Pilot prenatal health clinic targets ‘ice’ users
The facility is awaiting state funding and will offer substance abuse treatment to isle women
A pilot health clinic is planned in Kaimuki to provide prenatal care, substance abuse treatment and other services to pregnant Hawaii women who use crystal methamphetamine.
An estimated 5 percent to 6 percent of all pregnancies here -- about 1,200 a year -- involve women who use "ice," said Dr. Tricia Wright, a UH assistant professor of obstetrics-gynecology and pilot clinic director.
Only about 100 treatment slots are available on Oahu for pregnant women who abuse drugs, Wright said.
Establishment of the clinic in Kaimuki is pending Gov. Linda Lingle's release of $400,000 appropriated by the Legislature to the University of Hawaii John A. Burns School of Medicine for the program.
"The problem is there is no coordinated place where they can get prenatal care along with substance abuse treatment," Wright said.
As a result, pregnant women using ice or other illegal drugs are referred to doctors "who have no knowledge or desire" to treat substance abuse, she said. If they are referred to a substance abuse facility, they might not get the prenatal care they need, she said.
Nancy Partika, Healthy Mothers Healthy Babies Coalition of Hawaii executive director, who helped lobby for funding for the clinic, said it is "much needed in order to provide supportive and responsive health care and related services to substance-abusing women and their infants."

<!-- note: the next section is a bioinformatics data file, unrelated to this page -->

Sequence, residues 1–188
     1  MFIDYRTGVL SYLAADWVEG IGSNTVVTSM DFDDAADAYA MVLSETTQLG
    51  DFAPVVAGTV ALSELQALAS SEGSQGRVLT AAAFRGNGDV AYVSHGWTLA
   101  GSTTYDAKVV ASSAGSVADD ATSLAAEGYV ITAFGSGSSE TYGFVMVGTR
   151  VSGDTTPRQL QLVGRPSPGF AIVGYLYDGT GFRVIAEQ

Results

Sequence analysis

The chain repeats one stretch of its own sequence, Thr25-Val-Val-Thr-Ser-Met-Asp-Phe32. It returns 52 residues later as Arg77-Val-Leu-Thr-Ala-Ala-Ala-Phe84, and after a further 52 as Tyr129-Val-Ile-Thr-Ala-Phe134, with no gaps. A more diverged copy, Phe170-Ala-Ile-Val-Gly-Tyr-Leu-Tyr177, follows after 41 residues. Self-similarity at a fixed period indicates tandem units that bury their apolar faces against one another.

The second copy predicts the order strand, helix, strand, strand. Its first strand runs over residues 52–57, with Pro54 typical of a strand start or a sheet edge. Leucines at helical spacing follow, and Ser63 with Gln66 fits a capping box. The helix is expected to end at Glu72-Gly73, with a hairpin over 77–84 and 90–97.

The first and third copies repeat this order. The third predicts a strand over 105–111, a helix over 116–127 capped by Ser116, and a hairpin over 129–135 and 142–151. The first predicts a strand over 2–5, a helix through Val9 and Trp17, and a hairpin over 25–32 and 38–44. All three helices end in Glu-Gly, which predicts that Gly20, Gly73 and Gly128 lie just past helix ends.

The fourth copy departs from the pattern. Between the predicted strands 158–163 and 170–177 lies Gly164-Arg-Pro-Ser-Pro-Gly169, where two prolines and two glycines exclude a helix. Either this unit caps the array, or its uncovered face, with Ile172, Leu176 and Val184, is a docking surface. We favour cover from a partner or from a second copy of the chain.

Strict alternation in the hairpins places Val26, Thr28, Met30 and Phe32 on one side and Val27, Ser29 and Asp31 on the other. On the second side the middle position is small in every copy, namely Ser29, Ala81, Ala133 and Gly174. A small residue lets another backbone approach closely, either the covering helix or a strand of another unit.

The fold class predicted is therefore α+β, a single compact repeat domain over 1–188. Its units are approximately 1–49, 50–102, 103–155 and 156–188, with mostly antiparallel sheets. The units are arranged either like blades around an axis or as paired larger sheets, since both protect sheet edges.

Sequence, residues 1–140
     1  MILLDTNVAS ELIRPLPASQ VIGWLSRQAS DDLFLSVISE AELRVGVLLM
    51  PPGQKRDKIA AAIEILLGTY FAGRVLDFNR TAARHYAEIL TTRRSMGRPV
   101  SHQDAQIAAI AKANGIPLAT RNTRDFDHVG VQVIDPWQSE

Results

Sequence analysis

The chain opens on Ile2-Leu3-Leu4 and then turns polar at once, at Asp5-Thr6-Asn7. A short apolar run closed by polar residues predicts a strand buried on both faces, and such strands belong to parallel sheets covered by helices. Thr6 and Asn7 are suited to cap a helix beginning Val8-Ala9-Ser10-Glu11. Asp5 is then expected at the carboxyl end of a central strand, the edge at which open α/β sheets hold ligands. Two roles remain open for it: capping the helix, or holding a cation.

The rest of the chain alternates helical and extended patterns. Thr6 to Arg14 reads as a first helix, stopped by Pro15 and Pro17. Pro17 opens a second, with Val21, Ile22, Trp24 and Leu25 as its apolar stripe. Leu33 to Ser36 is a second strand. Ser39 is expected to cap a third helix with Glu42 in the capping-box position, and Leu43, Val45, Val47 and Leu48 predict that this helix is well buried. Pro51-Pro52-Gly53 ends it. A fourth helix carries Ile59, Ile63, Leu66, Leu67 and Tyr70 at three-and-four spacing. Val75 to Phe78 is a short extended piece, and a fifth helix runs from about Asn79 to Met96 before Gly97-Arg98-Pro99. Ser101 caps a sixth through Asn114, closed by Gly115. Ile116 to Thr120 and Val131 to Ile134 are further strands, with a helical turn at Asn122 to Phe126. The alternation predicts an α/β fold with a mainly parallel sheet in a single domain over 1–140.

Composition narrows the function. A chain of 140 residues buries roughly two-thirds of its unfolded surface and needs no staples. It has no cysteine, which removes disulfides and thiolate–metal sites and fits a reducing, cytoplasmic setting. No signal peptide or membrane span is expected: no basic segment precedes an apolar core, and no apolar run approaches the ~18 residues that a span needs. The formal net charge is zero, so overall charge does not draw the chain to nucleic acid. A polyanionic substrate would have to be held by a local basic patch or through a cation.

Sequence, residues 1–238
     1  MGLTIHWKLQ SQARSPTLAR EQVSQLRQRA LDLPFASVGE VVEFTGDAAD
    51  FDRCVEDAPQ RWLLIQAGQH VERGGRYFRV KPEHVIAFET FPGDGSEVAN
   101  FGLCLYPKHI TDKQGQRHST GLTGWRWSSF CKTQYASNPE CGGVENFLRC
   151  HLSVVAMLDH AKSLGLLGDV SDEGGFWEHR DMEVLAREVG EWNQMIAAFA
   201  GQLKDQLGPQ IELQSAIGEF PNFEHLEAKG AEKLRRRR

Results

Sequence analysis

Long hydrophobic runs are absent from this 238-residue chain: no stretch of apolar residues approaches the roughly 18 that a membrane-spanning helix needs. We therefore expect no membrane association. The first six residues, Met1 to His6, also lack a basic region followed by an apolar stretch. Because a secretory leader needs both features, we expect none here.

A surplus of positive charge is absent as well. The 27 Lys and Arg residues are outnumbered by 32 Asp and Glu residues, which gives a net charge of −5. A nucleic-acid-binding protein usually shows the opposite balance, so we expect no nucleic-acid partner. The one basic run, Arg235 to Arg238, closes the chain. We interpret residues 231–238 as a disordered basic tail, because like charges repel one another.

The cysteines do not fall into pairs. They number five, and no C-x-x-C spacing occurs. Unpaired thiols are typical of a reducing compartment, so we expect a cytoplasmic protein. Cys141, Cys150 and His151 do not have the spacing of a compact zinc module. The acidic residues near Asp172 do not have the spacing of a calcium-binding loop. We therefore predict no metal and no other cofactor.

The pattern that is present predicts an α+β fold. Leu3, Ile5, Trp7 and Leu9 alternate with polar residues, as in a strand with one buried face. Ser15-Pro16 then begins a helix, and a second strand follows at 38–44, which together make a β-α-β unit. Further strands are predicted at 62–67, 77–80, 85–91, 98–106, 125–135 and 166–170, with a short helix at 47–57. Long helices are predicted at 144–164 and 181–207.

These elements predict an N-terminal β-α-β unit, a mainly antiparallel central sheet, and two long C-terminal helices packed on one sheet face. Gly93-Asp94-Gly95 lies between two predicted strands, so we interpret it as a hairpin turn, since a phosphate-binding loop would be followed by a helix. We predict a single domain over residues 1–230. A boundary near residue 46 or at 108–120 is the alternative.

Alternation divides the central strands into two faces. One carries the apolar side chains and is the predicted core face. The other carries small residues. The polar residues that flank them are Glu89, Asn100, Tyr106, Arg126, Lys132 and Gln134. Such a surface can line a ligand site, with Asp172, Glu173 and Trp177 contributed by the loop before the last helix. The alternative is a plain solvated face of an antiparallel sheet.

Wright said the clinic will partner with Women's Way, a Salvation Army residential drug-treatment facility in Kaimuki.
At the start, the clinic would take about 100 women per year, she said. "We're hoping with the pilot clinic to get a model that can be replicated through the community health centers."
Wright, who joined UH two years ago after six years in private practice, said the concept for the Hawaii clinic is based on the Milagro clinic in Albuquerque, N.M.
She said she trained in New Mexico, "and when I got there, I said, 'Why don't we have something like this?'"
The Milagro clinic was established in 1989 by University of New Mexico faculty because of a growing heroin epidemic there. It is primarily a prenatal clinic that provides pediatric care and substance abuse treatment.
The local clinic will provide prenatal care, substance abuse counseling, psychiatric treatment, child care and social services, according to a draft proposal. It would also provide access to legal help for women and their families.
"By combining the services, we hope to keep the women in the health-care system longer than the five to seven months the typical pregnant woman spends in prenatal care," the statement said.
The legislation for clinic funding said Child Welfare Services reported two years ago that methamphetamine use was involved in more than 80 percent of its active cases in Hawaii. Yet, it said, little is known about adverse effects during pregnancy.
Dr. Chris Derauf, University of Hawaii associate professor of pediatrics, is working with other groups on a long-term study of the effects of ice exposure and other drugs on children. He will provide care for children in the clinic, Wright said.
"There is reason to be concerned," Derauf said at a recent maternal and infant care conference sponsored by the Healthy Mothers Healthy Babies Coalition and the medical school's Department of Obstetrics, Gynecology and Women's Health.
Early findings show a sharp increase in low-birth-weight babies born to women who used methamphetamine, which can cause developmental problems, he said.
New research is looking at the effects of methamphetamine on a child's brain as it relates to development and behaviors, he said.
Wright also is interested in looking at the long-term effects on women using methamphetamine. For example, she said, "We're seeing cardiac problems."
She hopes to have five to seven people working at the clinic, including registered nurses, doctors, substance abuse counselors and social workers.